Monetary union works well in the United States. No economist suggests that New York, New Jersey and Connecticut should each have its own currency, and indeed it would be highly inconvenient if they did. Why can’t Europeans enjoy the conveniences of a common currency?I am a big euro fan. This seems a good moment to explain why I don't accept this conventional view, despite its authority from Milton Friedman to Marty Feldstein and Greg Mankiw and even to Paul Krugman.
Two reasons. First, unlike Europe, the United States has a fiscal union in which prosperous regions of the country subsidize less prosperous ones. Second, the United States has fewer barriers to labor mobility than Europe. In the United States, when an economic downturn affects one region, residents can pack up and find jobs elsewhere. In Europe, differences in language and culture make that response less likely.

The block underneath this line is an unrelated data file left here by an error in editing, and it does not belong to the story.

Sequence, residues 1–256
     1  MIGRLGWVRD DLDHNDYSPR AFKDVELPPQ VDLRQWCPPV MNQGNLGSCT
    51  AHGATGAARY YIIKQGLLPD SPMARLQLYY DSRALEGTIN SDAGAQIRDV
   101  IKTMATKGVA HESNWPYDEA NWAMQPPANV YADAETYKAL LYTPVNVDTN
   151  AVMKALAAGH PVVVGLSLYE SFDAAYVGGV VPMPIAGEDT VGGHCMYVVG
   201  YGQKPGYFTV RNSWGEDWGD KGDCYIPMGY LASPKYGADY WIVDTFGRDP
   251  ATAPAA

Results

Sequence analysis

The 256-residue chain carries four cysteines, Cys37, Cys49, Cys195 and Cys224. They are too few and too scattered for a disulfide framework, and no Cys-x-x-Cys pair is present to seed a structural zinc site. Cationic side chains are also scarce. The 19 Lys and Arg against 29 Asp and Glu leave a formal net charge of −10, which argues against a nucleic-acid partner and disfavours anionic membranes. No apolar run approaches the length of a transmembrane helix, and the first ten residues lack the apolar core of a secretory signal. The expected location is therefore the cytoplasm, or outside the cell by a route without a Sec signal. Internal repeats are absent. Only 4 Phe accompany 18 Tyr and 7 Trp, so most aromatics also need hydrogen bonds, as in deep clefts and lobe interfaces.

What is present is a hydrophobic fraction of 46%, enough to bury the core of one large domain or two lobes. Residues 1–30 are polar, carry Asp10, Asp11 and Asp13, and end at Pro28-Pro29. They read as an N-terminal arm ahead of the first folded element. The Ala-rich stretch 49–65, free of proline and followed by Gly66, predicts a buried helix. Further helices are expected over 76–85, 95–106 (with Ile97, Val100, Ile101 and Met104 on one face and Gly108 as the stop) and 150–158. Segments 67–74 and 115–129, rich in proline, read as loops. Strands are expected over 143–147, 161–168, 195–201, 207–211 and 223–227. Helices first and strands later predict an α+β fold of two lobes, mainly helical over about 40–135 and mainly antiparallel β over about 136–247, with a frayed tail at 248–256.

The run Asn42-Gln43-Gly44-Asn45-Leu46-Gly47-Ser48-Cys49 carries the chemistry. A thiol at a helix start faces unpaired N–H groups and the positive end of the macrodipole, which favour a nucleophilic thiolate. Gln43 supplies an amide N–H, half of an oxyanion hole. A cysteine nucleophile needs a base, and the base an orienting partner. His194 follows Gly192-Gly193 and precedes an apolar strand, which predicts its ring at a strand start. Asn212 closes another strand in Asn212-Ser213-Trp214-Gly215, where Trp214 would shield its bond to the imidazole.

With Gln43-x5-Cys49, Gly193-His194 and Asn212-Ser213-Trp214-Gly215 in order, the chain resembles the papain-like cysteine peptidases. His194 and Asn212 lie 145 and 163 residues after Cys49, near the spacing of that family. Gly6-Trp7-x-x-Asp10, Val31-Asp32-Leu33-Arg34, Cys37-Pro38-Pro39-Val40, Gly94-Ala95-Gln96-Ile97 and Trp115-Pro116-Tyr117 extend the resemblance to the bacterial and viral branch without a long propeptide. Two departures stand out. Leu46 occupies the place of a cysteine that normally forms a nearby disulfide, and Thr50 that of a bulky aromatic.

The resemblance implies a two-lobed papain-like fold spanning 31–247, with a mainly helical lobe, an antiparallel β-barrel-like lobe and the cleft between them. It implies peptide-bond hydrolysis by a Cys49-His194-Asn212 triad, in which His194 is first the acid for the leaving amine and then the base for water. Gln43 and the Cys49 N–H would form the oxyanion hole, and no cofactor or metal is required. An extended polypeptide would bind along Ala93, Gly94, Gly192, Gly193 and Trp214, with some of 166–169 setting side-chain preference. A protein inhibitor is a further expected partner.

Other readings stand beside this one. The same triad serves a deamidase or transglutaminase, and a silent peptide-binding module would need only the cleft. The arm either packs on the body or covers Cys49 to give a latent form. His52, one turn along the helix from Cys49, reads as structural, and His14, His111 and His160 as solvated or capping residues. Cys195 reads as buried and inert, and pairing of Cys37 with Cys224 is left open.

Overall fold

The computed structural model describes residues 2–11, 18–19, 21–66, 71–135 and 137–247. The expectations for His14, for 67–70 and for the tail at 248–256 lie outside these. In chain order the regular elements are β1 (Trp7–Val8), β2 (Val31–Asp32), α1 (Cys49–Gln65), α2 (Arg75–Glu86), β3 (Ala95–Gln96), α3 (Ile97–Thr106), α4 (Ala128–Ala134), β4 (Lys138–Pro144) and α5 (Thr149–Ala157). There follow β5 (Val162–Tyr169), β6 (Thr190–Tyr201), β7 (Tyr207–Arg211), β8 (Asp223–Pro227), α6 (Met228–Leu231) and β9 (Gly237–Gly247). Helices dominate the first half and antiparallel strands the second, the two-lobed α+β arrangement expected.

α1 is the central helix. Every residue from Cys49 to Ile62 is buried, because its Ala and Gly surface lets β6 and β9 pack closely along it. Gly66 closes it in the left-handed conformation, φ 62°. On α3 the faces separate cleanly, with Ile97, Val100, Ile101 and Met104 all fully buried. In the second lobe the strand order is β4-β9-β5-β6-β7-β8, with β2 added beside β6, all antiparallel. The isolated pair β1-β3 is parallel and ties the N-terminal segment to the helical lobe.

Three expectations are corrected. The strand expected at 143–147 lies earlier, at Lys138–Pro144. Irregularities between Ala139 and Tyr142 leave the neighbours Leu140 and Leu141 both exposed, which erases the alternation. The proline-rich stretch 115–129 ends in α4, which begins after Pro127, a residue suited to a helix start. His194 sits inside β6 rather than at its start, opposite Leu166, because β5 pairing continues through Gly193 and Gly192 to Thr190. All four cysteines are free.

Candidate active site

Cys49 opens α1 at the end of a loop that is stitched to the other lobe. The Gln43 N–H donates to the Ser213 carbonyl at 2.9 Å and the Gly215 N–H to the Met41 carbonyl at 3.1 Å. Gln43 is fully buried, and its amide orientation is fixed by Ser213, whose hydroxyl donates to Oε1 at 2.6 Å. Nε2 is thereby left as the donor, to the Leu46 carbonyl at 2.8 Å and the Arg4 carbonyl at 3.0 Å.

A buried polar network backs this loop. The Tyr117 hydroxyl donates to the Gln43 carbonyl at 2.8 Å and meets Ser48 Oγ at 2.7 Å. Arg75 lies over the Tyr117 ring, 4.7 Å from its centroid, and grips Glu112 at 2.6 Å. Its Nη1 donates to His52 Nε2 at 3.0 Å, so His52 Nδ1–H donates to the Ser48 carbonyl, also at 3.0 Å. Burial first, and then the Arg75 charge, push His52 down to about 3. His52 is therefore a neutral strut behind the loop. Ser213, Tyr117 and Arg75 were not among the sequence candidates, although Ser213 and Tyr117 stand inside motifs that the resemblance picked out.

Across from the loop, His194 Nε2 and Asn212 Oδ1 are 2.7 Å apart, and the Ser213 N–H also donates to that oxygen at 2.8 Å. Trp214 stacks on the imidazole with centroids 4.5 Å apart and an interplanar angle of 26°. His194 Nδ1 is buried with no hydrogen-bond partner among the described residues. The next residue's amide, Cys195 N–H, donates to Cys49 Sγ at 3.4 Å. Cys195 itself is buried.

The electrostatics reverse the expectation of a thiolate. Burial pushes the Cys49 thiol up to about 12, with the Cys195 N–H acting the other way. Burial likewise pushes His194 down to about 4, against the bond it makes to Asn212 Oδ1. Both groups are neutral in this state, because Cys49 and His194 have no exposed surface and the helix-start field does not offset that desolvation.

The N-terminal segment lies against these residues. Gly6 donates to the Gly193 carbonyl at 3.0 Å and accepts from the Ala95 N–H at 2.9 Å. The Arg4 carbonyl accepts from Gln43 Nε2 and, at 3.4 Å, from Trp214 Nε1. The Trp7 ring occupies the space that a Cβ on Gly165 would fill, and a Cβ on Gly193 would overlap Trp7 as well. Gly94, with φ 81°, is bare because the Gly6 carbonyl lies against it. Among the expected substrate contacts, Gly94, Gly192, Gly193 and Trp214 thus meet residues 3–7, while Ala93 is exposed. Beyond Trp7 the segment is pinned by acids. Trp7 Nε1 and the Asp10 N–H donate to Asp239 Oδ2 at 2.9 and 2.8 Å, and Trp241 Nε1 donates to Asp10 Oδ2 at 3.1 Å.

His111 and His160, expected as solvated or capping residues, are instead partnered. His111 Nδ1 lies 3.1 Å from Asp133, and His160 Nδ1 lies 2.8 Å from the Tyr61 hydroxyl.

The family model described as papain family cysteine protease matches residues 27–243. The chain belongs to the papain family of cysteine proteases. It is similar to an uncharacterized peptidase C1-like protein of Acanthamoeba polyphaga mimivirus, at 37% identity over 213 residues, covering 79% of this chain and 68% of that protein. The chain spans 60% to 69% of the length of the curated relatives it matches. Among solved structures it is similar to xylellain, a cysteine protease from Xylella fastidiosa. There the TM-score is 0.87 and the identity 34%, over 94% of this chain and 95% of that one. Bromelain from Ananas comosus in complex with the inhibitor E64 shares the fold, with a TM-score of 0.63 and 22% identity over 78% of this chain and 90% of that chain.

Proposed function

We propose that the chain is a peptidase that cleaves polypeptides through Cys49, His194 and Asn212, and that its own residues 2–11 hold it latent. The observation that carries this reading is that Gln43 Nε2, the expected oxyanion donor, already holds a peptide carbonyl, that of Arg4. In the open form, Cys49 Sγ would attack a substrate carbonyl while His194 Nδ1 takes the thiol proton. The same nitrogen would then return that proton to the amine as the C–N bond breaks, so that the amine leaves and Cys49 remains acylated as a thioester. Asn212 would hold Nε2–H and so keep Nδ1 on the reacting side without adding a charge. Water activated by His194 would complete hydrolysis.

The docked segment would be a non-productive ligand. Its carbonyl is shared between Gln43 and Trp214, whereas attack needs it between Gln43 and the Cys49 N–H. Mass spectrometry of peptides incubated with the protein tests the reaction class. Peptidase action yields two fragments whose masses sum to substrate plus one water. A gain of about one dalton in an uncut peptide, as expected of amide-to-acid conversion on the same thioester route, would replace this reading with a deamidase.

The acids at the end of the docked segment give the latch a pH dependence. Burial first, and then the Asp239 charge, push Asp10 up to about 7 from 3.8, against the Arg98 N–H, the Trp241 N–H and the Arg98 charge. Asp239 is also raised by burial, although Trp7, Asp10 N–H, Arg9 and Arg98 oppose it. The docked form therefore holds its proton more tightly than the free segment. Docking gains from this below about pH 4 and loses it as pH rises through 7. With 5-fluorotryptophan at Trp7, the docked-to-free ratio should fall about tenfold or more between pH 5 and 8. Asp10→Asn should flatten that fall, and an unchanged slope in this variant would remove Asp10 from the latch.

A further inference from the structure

As a result, Mr. Friedman and Mr. Feldstein contended that the nations of Europe needed a policy tool to deal with national recessions. That tool was a national monetary policy coupled with flexible exchange rates. Rather than heed their counsel, however, Europe adopted a common currency for much of the Continent and threw national monetary policy into the trash bin of history.
Making matters worse, however, was the common currency. In an earlier era, Greece could have devalued the drachma, making its exports more competitive on world markets. Easy monetary policy would have offset some of the pain from tight fiscal policy. Mr. Friedman and Mr. Feldstein were right: The euro has turned into an economic liability that has exacerbated political tensions. For this, the European elites who pushed for the currency union bear some responsibility.
Short: I am also a big meter fan. I don't think each country needs its own measure of length, or to shorten it when local clothiers are having trouble and would like to raise cloth prices.